Do you remember the days when your mailbox would be filled with holiday cards—real, actual, hand-written cards? I loved receiving them, and still do. Only these days, more often than not, they are sent with nary a scribble upon them. While these cards might include pre-printed messages like "best wishes" or even "with love," they somehow feel like a letdown, devoid of anything personal.
Imagine receiving two holiday cards, one that includes a handwritten message or sign-off, and one that was merely stuffed, stamped, and delivered. Which one makes you feel more connected to—and appreciative of—the sender? Which card are you more likely to keep? The former takes maybe an extra minute or two, tops, but somehow this correspondence takes on far greater meaning and value.
The simple act of putting pen to paper goes a long way, especially across the miles. Something you touched is now being held by the receiver, and there's something magical about this tactile connection.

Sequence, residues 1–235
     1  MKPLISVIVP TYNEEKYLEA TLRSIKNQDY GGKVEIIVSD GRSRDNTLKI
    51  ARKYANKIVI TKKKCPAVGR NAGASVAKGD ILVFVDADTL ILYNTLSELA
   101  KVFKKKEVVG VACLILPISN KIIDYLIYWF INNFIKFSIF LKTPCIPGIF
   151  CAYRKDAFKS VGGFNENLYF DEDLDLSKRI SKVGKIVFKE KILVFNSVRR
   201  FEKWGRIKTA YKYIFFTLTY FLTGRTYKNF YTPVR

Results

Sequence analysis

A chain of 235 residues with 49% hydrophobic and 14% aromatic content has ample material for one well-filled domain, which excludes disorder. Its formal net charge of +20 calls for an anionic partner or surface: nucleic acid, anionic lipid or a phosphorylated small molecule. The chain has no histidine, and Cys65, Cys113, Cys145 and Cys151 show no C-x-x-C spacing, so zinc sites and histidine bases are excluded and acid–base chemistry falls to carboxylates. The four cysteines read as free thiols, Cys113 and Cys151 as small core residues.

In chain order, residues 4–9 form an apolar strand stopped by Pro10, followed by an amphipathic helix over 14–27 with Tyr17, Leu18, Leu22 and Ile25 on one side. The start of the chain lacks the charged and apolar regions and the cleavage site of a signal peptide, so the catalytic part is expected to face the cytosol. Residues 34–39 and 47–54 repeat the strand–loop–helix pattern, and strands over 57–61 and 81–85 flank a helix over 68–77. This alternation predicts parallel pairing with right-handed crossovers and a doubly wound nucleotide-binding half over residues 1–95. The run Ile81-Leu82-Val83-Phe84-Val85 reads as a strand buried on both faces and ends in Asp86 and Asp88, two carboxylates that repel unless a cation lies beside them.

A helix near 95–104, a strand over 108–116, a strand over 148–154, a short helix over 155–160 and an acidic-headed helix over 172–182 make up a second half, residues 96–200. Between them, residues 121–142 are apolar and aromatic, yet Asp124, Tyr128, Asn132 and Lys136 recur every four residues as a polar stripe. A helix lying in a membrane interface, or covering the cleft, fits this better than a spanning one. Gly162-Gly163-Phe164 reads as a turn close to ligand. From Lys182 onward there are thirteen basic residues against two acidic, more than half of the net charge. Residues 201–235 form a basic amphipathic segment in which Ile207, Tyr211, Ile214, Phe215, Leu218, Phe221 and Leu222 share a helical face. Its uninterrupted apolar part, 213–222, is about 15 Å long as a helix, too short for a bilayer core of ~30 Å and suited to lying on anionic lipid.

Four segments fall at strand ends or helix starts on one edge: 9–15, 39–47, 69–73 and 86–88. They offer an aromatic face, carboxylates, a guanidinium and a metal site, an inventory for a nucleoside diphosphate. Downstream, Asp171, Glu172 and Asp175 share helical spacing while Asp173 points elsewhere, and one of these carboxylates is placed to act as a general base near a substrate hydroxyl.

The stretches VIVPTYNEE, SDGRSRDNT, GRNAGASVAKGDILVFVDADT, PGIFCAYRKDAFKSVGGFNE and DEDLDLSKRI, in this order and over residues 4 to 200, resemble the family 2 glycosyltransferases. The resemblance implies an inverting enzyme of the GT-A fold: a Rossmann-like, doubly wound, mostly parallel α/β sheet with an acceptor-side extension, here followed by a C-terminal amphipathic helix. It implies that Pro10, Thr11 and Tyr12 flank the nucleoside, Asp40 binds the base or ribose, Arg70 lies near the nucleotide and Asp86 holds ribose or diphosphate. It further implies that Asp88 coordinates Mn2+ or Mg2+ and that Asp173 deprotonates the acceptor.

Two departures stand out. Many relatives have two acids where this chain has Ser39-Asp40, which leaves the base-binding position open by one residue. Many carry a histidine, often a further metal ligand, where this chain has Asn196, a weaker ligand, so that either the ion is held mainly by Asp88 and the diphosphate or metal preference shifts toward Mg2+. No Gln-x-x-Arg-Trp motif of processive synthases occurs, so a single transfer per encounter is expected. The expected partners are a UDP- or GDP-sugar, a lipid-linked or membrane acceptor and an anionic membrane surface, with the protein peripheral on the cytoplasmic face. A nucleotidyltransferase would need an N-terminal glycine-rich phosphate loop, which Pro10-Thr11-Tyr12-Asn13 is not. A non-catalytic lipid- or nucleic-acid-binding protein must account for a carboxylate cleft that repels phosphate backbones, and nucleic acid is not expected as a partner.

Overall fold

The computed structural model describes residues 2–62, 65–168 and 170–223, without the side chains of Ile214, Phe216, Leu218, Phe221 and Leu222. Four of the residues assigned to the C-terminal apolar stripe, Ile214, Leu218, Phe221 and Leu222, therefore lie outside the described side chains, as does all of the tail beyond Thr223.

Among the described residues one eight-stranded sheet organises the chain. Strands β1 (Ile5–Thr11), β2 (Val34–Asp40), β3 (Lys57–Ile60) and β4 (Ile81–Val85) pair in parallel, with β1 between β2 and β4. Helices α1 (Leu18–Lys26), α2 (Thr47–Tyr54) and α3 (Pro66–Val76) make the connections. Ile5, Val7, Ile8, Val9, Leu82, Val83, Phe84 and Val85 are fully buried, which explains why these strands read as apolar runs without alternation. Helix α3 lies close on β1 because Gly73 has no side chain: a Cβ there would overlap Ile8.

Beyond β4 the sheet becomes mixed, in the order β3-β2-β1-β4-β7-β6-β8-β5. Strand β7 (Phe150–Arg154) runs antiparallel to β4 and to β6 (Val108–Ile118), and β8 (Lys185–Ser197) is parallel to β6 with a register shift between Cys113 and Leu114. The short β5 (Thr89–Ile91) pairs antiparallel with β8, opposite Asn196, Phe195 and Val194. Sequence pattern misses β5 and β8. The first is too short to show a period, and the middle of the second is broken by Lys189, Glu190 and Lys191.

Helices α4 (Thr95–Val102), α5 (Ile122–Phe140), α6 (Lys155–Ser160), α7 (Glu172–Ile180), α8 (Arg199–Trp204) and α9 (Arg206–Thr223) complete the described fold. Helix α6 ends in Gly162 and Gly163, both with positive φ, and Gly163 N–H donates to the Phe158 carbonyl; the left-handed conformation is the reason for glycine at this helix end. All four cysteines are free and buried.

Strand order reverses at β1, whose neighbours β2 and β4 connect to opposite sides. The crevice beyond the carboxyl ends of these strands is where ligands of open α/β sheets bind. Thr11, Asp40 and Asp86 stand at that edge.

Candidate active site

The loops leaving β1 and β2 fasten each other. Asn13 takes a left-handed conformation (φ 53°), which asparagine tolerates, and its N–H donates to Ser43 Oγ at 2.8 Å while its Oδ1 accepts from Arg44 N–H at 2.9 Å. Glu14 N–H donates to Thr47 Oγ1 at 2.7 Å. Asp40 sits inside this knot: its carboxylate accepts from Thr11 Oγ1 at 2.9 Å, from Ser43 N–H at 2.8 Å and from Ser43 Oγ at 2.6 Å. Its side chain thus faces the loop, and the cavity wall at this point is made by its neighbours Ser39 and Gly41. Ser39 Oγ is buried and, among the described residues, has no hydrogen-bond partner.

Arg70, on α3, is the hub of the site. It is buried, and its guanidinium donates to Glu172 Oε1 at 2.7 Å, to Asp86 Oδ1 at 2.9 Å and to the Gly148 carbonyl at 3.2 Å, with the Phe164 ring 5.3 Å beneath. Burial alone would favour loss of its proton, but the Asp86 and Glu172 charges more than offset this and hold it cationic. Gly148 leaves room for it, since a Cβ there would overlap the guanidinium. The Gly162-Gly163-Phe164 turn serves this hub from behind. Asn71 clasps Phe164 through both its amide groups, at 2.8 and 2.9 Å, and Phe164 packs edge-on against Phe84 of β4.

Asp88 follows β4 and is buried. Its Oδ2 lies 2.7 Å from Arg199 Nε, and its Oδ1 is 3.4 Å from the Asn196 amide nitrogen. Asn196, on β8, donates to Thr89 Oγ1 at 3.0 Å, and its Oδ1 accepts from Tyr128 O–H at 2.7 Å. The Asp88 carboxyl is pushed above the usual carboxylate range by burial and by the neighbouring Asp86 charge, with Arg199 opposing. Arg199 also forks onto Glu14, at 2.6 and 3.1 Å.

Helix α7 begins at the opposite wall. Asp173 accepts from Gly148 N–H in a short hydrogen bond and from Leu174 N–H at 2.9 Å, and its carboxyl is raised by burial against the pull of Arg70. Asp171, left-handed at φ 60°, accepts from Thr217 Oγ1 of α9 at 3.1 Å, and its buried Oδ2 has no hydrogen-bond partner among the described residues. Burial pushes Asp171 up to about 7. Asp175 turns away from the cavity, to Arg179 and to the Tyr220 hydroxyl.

I just unearthed a small scrap of paper written by my paternal grandmother, found inside a velvet jewelry box. On a torn-off piece of yellow legal paper she wrote, “Love, Grandma Leane.” My grandmother has been gone for many years, and yet this ragged fragment instantly brings her back to life—the way she wrote, the way she spoke, laughed, smiled... I visualize her as I write this, in fact, all because she took the time to stick a hand-scribed message inside a gift box. Therein lies the transformative power of putting pen to paper—a tiny scrap rekindling vivid memories. How amazing is that?
Give it a try in the coming weeks. Unplug for just a few minutes, and sign those holiday cards, write a word or two to let friends, family, and workmates know you’re thinking of them, appreciate them, or hope the New Year is a happy and healthy one. Notice how uplifting it is to give in this simple way. Expressing gratitude or well wishes doesn't cost a thing, yet adds immeasurable and lasting value, especially for those you hold dear.